I am beyond shocked that AOPA has not brought suit against FAA for immediate injunctive relief to oppose the closing of the 179 or so air traffic control towers, all at general aviation airports.

     Your membership needs your support at this very instant to stop this madness.

    I fly  into and out of Whiteman (WHP). It’s compact airspace supports nearly 100,000 GA operations each year. It is also the home of a Civil Air Patrol airbase that  uses WHP for many emergency or counter drug missions. We train young cadets, your future members from this crowded airport. As a private GA pilot, I serve as a CAP / USAF Auxiliary captain, mission pilot and safety officer. I am miffed by the tower closing and concerned for the public welfare.

    WHP is under Burbank (BUR) class C airspace, adjacent to Van Nuys (VNY)and it’s class D.  VNY is the all time busiest GA airport.  WHP is within the very high density Los Angeles airspace complex. 

     On  weekends there can be a dozen or more aircraft in the pattern and approaching the airfield at one time along with a few on the ground ready to roll. Many are not familiar with or report positions properly. The airport owner, Los Angeles County, could easily fund the tower with all their resources. They could furlough a few desk jobs and avert another 1978 San Diego PSA 727 / C-172 mid air type collision or a similar 1986 Cerritos Aeromexico  DC-9 / PA-28  disaster. The later being a key factor in why the current  WHP tower was built.

    The decision to close Whiteman was part of an objective mathematical cost cutting formula.  It did not subjectively look at the airspace and dangers involved with this airport’s operations or, surely, I’d not need to write this letter.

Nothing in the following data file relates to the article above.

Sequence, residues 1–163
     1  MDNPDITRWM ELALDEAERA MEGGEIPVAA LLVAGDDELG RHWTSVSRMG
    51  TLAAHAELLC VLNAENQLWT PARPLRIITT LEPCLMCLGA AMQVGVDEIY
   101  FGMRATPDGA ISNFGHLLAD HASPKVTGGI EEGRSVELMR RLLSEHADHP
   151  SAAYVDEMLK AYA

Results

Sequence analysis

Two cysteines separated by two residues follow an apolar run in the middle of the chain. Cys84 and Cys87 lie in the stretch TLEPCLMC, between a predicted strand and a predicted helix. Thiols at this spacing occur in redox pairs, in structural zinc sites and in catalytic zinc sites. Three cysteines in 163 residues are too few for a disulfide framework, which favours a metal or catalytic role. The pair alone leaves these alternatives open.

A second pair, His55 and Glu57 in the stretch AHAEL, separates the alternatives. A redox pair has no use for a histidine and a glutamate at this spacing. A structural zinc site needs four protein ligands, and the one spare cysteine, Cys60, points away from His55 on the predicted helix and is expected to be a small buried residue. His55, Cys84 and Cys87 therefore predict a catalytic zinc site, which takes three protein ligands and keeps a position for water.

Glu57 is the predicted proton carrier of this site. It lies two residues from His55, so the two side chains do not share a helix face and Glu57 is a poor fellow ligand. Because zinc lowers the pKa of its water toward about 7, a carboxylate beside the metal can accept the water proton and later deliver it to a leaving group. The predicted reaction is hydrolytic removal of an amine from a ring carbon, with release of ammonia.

Where is your voice and concern for air safety now??
    This is a disaster waiting to happen at worse. At best, the decision will lead to increased infractions and airman violations.

    If you don’t immediately step up to the plate it will be clear to me and other pilots that your best interest lies not in safety,  rather than in the member dues, commissions from insurance policies, legal plan fees, and share in credit card transaction fees to support your operations, management and their benefits.

    The targeting of these GA tower closings are at the heart of the safety of tens of thousands of your members who fly in and out of the airports with towers being closed. Their operations are in the midst of millions of airline passengers every year. A mid-air accident now will subject GA to the worst public relations debacle,  awful scrutiny, more restrictions, and likeliness of user fees.

    I demand and beg that you discuss this concern with you  management this morning, get your Washington D.C. attorneys in Federal court this afternoon and file for temporary injunctive relief to protect your membership and the flying public in what we believe are your true interests of safety and the existence of general aviation.

    You should now also contact members of the Los Angeles County , and its Board of Supervisors along with their Department of Public Works  and demand they fund the WHP tower from emergency  reserve funds, and  least for the next 30 days as a stop gap measure while more can be done to bar these airport towers from closing until a proper review or legal actions undertaken. While they own and operate other airports, WHP is clearly a safety concern and serves the largest population and base of operations.

    I was the lead plaintiff in a class action suit in the 1990’s that was filed within days of monster America Online’s rash financial decision to switch from a hourly based service to a monthly flat fee. They did not do a proper review of the implications of the mass demand of their service against the current infrastructure that existed. Their key concern was in their budget and not the true interest of their members or the public at large that suffered for weeks as the internet came to a grinding halt. AOL was brought to their knees by this action paid tens of millions to the public.  This action and its relief broke the  strangle hold they held as the leading Internet service provider. My compensation for my public service was only one of millions of the $19 coupons issued by AOL and,  of course, knowing I had much to do about ceasing the unfair practices and end to the greedy management of AOL.